by Elise McGlothian
The US Department of Justice says September is the most dangerous month for sexual assaults on college campuses. First year and sophomore students are especially at risk. As UNC entered that dangerous time this year, the University introduced a new sexual assault policy. It comes as a response to complaints that UNC mishandled sexual assault cases in the past. The policy changes the definition of consent, but some students question how it will be enforced.
On any given night, you can find students on Franklin Street either bar hopping or partying. But it’s what students do behind closed doors that the university is most concerned about.
Two weeks ago, the university announced the new sexual assault policy via Alert Carolina, a campus wide email alert messaging system. However some, like Junior Michelle Floyd, have paid little attention to it.
“I don’t really know what it says,” said Floyd.
Many students echoed Floyd’s thought, like foreign exchange student Lauren Gonzales who was out with friends Wednesday night. Walking towards Four Corners Bar and Grill, she and her group of friends stopped to look at a clothing shop’s window display before continuing their night. Gonzales said she briefly glanced at the policy but has since paid little attention to it.
“I saw how they defined what consent is but I haven’t given it much thought about my relationship about that,” said Gonzales.
However, Christi Hurt, the chairwoman of UNC’s discrimination task force who helped write the new policy, says it’s part of a larger cultural change among students. Hurt says the conversations students have with each other before engaging in sexual activity is a critical component of the policy.
“I always think of it as the policy outlines the parameters or guidelines but the actual real cultural change work happens when people are talking to each other,” said Hurt. “How we’re setting cultural norms and how we’re making an environment so we can all be aware of how we can help solve this problem.”
Hurt says addressing sexual assault claims will involve proving both parties consenting to a sexual activity or “affirmative consent,” rather than proving that one person said no.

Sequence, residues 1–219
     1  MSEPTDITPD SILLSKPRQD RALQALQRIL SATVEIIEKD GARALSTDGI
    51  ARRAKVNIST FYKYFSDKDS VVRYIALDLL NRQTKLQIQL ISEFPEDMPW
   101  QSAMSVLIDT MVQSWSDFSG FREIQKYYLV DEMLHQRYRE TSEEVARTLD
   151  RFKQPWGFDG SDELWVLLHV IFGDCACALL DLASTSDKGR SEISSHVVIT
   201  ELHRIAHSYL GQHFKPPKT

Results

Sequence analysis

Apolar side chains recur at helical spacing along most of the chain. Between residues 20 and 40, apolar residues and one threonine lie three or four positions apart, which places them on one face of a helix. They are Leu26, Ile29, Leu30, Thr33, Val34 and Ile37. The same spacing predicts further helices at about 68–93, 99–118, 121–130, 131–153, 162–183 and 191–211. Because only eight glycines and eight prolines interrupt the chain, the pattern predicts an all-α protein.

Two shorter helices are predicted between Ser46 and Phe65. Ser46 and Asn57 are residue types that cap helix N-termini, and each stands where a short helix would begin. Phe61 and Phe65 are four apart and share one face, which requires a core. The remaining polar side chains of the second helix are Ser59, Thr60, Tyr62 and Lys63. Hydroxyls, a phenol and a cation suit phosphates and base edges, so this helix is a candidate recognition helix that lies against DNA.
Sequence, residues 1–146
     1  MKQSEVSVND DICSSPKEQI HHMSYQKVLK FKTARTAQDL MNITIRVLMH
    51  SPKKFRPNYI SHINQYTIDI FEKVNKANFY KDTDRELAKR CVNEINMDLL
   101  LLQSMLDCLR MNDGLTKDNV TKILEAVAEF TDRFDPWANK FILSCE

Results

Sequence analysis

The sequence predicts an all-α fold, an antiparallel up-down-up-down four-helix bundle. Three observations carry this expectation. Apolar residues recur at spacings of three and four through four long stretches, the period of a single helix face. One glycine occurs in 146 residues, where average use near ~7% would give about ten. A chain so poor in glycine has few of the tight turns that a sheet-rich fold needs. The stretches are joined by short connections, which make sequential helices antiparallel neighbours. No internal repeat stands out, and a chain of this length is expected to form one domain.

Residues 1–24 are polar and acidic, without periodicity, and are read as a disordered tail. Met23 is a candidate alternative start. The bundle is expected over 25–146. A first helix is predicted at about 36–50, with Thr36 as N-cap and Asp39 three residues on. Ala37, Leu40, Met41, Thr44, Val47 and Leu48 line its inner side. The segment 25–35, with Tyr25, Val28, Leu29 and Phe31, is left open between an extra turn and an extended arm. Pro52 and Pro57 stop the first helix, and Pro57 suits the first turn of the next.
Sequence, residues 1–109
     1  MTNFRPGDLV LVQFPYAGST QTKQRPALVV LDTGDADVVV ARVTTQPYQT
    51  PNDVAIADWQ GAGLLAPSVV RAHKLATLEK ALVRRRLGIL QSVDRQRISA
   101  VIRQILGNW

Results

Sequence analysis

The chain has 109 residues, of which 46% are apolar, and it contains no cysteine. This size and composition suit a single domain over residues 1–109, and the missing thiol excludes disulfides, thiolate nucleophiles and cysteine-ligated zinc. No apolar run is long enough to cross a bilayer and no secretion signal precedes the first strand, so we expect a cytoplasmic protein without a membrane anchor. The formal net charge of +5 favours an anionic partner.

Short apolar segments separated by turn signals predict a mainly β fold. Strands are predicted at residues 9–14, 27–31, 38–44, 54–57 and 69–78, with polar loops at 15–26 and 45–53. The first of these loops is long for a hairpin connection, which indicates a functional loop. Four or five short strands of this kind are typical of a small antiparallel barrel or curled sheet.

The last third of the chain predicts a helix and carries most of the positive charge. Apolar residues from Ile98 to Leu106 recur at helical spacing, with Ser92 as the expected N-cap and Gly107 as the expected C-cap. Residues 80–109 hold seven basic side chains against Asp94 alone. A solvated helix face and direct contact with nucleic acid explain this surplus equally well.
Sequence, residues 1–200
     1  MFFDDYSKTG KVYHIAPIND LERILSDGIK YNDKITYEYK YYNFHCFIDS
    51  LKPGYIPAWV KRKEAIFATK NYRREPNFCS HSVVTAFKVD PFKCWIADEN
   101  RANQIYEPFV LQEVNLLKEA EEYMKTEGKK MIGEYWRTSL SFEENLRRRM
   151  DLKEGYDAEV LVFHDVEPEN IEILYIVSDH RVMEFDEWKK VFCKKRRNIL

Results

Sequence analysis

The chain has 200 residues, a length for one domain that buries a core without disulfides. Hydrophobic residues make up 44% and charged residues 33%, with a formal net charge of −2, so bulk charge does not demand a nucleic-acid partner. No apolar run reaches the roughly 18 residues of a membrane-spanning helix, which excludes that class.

“We also really focused on defining consent as an affirmative definition so that folks looked for an affirmative agreement to engage in some kind of sexual activity as opposed to the absence of a no. So we’re looking for that presence of a yes.”
But can the policy solve the problem of defining sexual assault if students aren’t paying attention to it? Senior Moses Richards says the answer is no.
“For me personally, it’s always a commonality that yes is yes, no is no, and silence is no. I don’t think a policy is going to make that big of a difference,” said Richards.
Some students also are concerned about the way that the policy defines “consent.”
Page nine of the policy reads: “consent requires an outward demonstration, through understandable words or actions, that conveys a clear willingness to engage in sexual conduct.” After reading the policy’s definition of consent, Floyd said the term “actions” make the policy harder to enforce.
“I just don’t know how an official document saying something is going to change how like one person perceives someone saying yes or no,” said Floyd.
The University plans to use staff groups, like the Title IX office and Campus Wellness to talk with students, faculty and staff about sexual assault in the hopes that the policy becomes clear for everyone.